The first domestication was 8 to 10,000 years ago in northern Mesopotamia and southern Caucasus. The tamed cows were much smaller and more malleable than the wild ones. As human populations expanded due to the advent of agriculture and the further domestication of animals, these cows spread to other human groups. The European cow derived from the Mesopotamian one. The remaining populations of wild aurochs were slowly out competed by the domestic cattle, their native habitats were destroyed and many aurochs were simply hunted out by humans.

The few remaining wild aurochs into modern times were protected on royal lands in Eastern Europe; the last one – a female- was killed by a poacher in Poland in 1627.

Regardless of how you feel now about overgrazing of public lands, cows do convert plants to protein efficiently. Humans do eat a lot grass (rice, wheat, corn etc.) but in many localities these crops cannot be grown. Cows have enabled humans to not only to live in marginal places but to improve our nutritional health as well. Cows are valuable.

The word cattle itself is derived from Latin – capitale – which means funds. So whether you are a Swiss Dairy Farmer, a Texas rancher or a Maasai herdsman, your cows are your wealth and your retirement

This is Michael Ellis with a Perspective.

Alcatraz

Alcatraz (KQED Perspective aired Oct. 6, 2000)

When the Moors invaded and conquered Spain and Portugal in the 8th century AD
they brought with them more than just superb architecture. Most of the
Spanish words that begin with al- Alhambra, Almaden, Alameda, alcohol,
algebra for example – are Arabic in origin. Al is the article “the”. To the
Moors a bucket on an irrigation wheel that scoops up water was called an “al
catraz”. The Moors thought that pelicans scooped up water in their large bill
to carry to their young in the desert. So they named the pelican – the
“alcatraz”. They don’t actually do that. To the Spanish seafarers the word
eventually came to mean not just pelicans but any seabird. The word was
further corrupted into albatross.

When the first European, Juan Manuel de Ayala sailed into San Francisco Bay
in 1775, the local Costanoan Indians met him. Of course, these native peoples
already had names for all the geographic features of the area but that didn’t
stop ole Juan. His first morning in the Bay he was anchored near a tiny dense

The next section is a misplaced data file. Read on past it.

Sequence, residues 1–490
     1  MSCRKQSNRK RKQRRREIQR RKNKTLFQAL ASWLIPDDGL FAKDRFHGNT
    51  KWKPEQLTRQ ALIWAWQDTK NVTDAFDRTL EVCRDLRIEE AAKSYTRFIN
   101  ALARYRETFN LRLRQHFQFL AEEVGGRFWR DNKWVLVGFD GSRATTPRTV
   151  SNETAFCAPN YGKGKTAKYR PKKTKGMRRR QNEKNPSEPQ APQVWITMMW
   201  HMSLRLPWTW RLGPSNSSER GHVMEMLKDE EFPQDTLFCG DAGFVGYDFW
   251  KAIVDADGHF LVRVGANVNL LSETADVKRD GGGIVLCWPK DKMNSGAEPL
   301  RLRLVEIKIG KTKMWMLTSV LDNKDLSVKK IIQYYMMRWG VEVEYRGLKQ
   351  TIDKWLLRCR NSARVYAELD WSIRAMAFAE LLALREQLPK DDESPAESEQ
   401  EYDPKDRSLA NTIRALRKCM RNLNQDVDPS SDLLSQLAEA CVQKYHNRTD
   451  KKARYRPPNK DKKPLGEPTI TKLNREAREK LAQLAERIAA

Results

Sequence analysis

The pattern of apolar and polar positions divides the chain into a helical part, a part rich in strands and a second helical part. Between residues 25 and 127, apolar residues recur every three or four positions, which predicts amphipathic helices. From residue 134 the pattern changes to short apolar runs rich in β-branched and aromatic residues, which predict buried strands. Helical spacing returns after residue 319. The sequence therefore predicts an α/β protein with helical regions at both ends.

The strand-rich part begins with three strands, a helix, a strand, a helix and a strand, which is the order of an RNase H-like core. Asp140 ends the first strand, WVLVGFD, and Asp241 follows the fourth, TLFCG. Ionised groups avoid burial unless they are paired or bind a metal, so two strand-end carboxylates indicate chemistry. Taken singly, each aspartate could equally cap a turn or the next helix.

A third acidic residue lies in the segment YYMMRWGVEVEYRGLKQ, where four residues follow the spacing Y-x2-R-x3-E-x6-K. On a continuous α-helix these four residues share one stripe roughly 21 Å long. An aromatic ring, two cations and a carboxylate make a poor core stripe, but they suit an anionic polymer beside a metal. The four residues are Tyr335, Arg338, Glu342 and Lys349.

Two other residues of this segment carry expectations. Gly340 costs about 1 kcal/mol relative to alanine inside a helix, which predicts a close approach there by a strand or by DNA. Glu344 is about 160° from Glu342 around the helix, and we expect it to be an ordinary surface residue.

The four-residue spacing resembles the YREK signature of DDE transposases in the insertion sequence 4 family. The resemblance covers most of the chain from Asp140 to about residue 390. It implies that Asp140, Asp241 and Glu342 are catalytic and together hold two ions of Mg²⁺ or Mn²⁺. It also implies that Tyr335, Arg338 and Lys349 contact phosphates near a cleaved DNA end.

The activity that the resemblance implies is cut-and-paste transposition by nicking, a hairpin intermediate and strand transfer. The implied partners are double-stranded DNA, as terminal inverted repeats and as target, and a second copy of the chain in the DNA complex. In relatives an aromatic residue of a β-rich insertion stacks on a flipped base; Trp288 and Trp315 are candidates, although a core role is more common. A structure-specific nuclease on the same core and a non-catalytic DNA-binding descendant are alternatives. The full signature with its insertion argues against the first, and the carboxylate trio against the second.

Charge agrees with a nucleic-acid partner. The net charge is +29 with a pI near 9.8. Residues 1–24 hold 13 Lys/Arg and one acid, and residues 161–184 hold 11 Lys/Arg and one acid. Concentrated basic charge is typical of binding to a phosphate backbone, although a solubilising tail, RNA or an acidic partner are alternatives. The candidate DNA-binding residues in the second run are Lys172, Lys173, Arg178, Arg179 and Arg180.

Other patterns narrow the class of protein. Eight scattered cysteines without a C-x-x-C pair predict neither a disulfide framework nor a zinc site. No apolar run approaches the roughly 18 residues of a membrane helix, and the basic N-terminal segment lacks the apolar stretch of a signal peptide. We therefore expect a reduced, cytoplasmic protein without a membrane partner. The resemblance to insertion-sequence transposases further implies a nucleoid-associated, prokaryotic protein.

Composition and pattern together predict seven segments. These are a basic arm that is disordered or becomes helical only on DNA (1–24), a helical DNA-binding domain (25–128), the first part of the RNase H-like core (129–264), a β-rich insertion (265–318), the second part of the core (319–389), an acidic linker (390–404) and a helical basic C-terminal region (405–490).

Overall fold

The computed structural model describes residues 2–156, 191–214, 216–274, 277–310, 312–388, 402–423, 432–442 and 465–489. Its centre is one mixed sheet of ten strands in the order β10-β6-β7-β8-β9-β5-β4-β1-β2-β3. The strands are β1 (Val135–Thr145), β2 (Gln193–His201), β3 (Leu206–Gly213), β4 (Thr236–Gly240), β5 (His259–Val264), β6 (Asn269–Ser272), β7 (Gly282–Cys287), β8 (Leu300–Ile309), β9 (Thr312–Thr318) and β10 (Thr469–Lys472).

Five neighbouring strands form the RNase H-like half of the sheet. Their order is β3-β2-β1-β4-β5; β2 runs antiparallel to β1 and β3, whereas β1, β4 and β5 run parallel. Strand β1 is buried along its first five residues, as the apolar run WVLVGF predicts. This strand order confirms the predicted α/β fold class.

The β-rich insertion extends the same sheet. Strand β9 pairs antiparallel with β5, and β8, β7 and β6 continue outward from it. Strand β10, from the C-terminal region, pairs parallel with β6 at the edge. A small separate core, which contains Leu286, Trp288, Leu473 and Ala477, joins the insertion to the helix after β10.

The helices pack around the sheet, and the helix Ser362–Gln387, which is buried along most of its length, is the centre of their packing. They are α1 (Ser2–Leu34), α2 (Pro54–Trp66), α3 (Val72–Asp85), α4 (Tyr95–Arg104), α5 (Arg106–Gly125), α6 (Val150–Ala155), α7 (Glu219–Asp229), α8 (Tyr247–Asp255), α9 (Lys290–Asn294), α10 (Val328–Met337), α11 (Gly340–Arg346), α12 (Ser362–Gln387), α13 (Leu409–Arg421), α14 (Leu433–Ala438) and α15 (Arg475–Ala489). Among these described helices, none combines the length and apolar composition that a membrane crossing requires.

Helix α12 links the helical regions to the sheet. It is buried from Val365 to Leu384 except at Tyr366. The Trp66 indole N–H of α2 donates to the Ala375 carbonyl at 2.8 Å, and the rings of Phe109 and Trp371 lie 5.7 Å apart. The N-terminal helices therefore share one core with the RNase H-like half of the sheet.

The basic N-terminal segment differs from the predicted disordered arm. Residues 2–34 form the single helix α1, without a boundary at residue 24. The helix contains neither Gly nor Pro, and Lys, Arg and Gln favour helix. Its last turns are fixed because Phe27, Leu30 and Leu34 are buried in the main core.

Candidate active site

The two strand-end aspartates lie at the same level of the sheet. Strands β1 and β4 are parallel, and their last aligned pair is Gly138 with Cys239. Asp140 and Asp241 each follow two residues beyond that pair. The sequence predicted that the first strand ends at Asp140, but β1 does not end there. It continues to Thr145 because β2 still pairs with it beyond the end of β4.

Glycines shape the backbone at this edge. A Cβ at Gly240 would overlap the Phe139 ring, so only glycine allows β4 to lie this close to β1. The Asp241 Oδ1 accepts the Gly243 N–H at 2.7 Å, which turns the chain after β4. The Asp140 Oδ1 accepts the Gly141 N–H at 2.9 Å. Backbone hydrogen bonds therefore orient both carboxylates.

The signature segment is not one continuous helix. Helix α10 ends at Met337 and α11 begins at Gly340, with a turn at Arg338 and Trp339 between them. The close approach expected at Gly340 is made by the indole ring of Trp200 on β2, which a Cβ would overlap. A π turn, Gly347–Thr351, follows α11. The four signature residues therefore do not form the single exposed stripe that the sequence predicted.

patch of trees, so he named that place Saucelito, which means a small thicket
of willows. The first island that he visited he called Isla de Los Angeles or
Angel Island, after the Spanish tradition of naming places after the Catholic
Feast days closest to the discovery date. A nearby island he christened
Alcatraz after the thousands of pelicans and other seabirds wheeling around
it. However the island he named Alcatraz was actually the one we now call
Yerba Buena. How did this happen? Well an Englishmen sailing into the Bay
made a typographical error in 1826. Captain FW Beechey accidentally
transcribed the name Alcatraz onto a much smaller island thereby cementing
the mistake into the Royal Navy’s nautical charts. Yerba Buena Island was
perhaps named for a common native mint. So two mistakes – one a typo and the
other an observational mistake resulted in the name of the most popular
tourist attraction in the Bay. This is Michael Ellis with a Perspective.

Beetles

KQED Perspective aired July 2004

By Michael Ellis

When someone asks us naturalists to identify an insect that we don’t know, we invariably respond by stating “well, it must be some kind of beetle”. And statistically this is a pretty good answer.

In the seventeenth century a tradition developed called “natural theology”. The idea was that one should be able to determine the nature of God by observing his handiwork. And this good, intelligent design was supposed to reflect human superiority and justify our dominion over the plants and animals. Even God’s physical appearance could be deduced from looking at his favored humans. After Darwin introduced the concept of natural selection, scientists argued that nature is neither good nor bad and is certainly not established with humans in the utmost mind. And if there was an ulterior force behind the design in nature it was certainly did not center around one particular primate and therefore perhaps that God was not one worth worshipping.

The most famous story around this involved the eminent British biologist, J.B.S. Haldane, a founder of modern Darwinism. He once found himself surrounded by theologians who were beseeching him to conclude the nature of the Creator from his own personal studies of the natural world. Whereupon he supposedly answered well God must have “an inordinate fondness for beetles.”

Apparently that is true because there are over 350,000 different kinds of beetles there may be two million more yet to find! They may account for almost half of all animal species! Beetles (like all insects) have a hard exoskeleton, a three-part body, two compound eyes, three pairs of jointed legs, and two antennae. The group is called the Coleoptera, which literally means the sheath wings. In adult beetles, the forward pair of wings is hardened and large enough to cover the insect’s back. This shell protects not only the beetle’s body, but also its precious rear wings. The familiar ones are ladybugs, fireflies, mealworms, darkling beetles, weevils, and scarabs.

So if I ever do a chance to look into the face of God I will expect to see a nice pair of antennas and some very large eyes. This is Michael Ellis with a Perspective.